It seems you can’t turn around right now without running smack dab into the controversy over a Chicago-area high school girls basketball team that was forced to cancel a trip to Arizona for what appeared to be political reasons.
It’s on TV, on the radio, in the newspapers, and all over the internet.
The girls at Highland Park High School had worked hard to earn enough money to make the trip to play in a tournament in Arizona. When administrators canceled it, the story caught the heart strings of the public.
Whether the trip cancellation is actually due to “safety concerns”, as the school administration professes, or simply to make a political statement following the passage of our new immigration law, it sends the wrong message.
And Highland Park HS isn’t the only school around the country willing to take something away from its students to make a statement. A little closer to home, North Hollywood Harvard-Westlake HS in southern California, is considering a similar course of action. The AD there says he will discuss with school officials whether to boycott the state and keep their boys and girls basketball teams from attending Arizona tournaments.
While this all focuses on the immigration issue, it seems symptomatic of a bigger issue in high school sports these days. And this state has many good examples of that problem.
The bigger picture is about whose interests should be considered first when it comes to decisions about high school athletes and the sports they play.
The athletes… or the adults who control the sports programs.
Just this past year, coaches at high schools throughout Arizona have been fired right and left. Many of these are good coaches with outstanding performance records. Their dismissals are, for the most part, fueled by the school’s desire to enhance its image with more wins, more titles, and more publicity.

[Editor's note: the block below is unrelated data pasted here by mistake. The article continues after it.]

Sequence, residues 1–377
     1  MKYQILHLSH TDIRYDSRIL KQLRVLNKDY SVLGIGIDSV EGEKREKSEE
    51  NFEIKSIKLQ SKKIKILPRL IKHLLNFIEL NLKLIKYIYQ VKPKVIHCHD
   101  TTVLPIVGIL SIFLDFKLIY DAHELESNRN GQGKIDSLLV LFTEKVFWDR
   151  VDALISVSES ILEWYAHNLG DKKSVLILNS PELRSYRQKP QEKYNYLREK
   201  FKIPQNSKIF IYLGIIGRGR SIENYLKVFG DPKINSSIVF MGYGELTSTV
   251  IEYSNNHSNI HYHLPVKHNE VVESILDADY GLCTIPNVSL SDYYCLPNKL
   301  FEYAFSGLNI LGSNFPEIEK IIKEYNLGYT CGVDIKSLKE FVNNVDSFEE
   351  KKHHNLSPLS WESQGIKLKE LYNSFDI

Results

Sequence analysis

Little consideration is given to the relationships the coaches have formed with their players and their families. If given the choice, the athletes who actually play for the coaches would most likely opt to keep the coaches. National studies show that kids at that age are more interested in having an enjoyable experience playing sports; winning, while important, is secondary to that.
One Valley high school just hired a new football coach who has a well-documented history of being abusive to his players. But he wins games.
This whole issue about doing what’s right for the players came up in another situation a week ago. According to Craig Morgan, writing for MaxPreps, the Scottsdale Thunderbird Adventist Academy softball team wasn’t able to complete its state tournament game and had to forfeit.
Thunderbird is a Seventh-day Adventist school and does not participate in games from sunset on Fridays to sunset on Saturdays. By the second inning of the game against Joseph City, which was on Friday, the sun had set.
It set on the team’s aspirations as well.
The school had tried to move the game up in the schedule, to be able to complete it before sundown, and had even found a couple of teams that would switch times. But the Arizona Interscholastic Association, the high school governing body for sports, turned down the athletic director’s request.
So, who was penalized for a flubbed call by the AIA? Yep, the kids.
The Chicago Tribune made an important point in an article about the Highland Park fiasco: We don’t support schools officials substituting their own judgment, especially without input from players, parents, or the district at large. The administrators are making this statement (about Arizona’s immigration law), but the kids are making the sacrifice. Let’s leave the kids out of it.
Advice well given.
And advice that should be taken by anyone who isn’t playing on a high school team. Let’s think first about the kids who actually put the time and sacrifice into the sport.